Is early first intercourse a risk factor for cervical cancer?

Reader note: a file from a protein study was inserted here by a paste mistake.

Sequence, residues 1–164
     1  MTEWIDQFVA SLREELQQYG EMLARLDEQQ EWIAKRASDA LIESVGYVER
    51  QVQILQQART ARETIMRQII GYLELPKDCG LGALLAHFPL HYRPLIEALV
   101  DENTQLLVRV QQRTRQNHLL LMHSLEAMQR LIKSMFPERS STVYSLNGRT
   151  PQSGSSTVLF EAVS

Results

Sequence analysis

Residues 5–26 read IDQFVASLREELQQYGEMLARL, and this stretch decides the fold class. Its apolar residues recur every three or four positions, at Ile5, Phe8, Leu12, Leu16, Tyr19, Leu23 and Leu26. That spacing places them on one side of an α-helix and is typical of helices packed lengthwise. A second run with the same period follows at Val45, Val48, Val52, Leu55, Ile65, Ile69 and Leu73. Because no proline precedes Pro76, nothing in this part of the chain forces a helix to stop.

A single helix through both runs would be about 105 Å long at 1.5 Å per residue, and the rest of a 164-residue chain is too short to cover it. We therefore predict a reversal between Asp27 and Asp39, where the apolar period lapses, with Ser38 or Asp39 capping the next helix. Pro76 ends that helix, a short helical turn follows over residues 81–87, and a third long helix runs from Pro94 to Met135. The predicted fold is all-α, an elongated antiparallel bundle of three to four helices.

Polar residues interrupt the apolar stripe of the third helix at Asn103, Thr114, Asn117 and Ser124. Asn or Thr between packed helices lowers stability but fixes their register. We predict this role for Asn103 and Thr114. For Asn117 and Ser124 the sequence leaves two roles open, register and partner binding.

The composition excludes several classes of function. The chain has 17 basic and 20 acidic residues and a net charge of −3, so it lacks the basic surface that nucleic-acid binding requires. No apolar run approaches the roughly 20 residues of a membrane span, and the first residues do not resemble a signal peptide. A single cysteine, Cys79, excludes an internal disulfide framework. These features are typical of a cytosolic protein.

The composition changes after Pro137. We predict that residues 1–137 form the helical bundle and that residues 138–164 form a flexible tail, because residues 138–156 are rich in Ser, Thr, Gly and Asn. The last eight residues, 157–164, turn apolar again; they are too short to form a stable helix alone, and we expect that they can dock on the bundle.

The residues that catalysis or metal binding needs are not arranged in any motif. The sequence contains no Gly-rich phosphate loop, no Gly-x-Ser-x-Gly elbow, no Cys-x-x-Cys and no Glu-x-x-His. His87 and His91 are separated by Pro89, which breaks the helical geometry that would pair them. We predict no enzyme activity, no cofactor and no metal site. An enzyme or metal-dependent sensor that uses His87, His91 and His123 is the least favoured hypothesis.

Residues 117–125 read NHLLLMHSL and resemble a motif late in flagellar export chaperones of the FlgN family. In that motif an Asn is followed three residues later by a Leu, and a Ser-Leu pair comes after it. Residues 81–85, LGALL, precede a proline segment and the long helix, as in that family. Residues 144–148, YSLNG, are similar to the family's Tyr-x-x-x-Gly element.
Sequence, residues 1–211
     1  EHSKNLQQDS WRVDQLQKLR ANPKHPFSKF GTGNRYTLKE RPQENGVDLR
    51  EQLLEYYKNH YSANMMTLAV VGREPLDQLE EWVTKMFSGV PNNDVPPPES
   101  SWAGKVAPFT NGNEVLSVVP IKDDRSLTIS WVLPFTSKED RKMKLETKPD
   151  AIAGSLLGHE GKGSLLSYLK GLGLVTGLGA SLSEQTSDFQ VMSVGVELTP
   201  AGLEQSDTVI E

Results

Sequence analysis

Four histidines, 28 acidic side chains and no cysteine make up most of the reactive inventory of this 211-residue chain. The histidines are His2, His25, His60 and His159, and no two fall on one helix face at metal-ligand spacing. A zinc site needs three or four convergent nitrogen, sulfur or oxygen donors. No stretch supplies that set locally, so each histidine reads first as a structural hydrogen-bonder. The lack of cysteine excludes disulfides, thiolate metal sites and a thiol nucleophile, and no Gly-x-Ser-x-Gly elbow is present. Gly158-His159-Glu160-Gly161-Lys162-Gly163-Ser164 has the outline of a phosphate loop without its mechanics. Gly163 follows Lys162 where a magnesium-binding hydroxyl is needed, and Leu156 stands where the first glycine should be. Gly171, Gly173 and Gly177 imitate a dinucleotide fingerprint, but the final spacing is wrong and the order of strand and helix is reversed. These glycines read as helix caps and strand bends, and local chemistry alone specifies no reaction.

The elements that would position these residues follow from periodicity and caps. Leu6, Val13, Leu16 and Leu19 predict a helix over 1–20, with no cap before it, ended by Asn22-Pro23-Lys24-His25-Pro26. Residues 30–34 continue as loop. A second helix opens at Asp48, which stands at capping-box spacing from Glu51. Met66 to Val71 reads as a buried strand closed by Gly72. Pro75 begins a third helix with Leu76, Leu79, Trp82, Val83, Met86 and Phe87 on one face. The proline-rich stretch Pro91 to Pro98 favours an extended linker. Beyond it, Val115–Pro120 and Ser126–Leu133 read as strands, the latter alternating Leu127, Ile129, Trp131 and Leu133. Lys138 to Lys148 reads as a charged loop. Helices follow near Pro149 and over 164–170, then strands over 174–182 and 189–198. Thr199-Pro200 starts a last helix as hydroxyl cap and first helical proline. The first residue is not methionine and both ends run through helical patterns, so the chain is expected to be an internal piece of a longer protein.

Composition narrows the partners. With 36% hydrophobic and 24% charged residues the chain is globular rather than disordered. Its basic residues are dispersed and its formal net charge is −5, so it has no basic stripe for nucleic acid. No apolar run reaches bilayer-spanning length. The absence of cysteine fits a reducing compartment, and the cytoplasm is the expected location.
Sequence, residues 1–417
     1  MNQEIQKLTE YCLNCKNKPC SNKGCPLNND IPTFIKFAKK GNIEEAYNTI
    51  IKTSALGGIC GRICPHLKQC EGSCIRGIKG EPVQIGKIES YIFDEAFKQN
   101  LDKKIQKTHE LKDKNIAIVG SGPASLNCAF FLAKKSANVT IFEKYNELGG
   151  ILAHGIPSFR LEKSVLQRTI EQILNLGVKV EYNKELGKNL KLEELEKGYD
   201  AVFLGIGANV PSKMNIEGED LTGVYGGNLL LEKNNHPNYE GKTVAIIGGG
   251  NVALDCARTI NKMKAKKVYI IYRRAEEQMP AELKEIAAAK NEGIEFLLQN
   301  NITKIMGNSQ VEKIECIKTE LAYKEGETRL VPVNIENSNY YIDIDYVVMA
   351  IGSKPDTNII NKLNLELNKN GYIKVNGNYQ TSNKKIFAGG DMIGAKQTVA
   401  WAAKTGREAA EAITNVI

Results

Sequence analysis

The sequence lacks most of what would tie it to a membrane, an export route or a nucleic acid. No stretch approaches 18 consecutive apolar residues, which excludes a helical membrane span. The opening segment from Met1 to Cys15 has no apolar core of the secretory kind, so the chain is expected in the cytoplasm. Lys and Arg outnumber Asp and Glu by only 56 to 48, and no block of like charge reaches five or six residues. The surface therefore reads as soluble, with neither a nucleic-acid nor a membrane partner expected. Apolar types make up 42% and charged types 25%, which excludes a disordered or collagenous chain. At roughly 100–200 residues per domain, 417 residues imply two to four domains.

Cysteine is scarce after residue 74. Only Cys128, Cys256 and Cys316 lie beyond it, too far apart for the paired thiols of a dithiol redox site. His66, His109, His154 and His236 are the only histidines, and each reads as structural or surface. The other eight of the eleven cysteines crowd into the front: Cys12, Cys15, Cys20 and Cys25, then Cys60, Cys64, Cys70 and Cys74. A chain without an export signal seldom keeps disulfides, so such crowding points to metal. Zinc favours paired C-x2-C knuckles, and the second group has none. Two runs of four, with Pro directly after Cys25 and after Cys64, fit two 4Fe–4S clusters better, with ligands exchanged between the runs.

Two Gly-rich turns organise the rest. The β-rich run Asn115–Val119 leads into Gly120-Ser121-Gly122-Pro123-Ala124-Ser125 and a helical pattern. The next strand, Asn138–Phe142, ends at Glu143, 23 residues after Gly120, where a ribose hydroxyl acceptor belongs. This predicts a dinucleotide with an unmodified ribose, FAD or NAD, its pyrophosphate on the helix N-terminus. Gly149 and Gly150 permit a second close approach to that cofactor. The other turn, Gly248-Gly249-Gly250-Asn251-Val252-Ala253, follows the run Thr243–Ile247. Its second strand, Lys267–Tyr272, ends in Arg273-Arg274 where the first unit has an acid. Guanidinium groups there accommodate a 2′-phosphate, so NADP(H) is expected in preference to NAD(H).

Sexual behavior has long been known to be a risk factor for cervical carcinoma. Certain sexual risk factors are related to an increased risk of chronic infection of the cervical transformation zone with high-risk human papilloma viruses (HPVs). Numerous retrospective analyses consider early first intercourse a probable risk factor for later development of cervical carcinoma. Since risk factors are associated, it is unclear whether early first intercourse is an independent risk factor for cervical neoplasia. Few comprehensive retrospective studies are available. It is possible that the cervical transformation zone is particularly vulnerable to infection between menarche and the age of sixteen. During this phase there are a large number of undifferentiated cells at the periphery of the metaplasia, practically at the surface of the cervix. It seems that this area is particularly susceptible to HPV infection. There are also indications that there is no secondary immune response to HPV at the time of early first intercourse, making the immune response to HPV less efficient. Other possible risk factors for cervical cancer include genetic predisposition, nutrition, smoking, Chlamydia or HSV-2 infections, drug abuse, oral contraception, immune suppression and early first pregnancy. Education appears important to encourage responsible sexual behaviour in young people.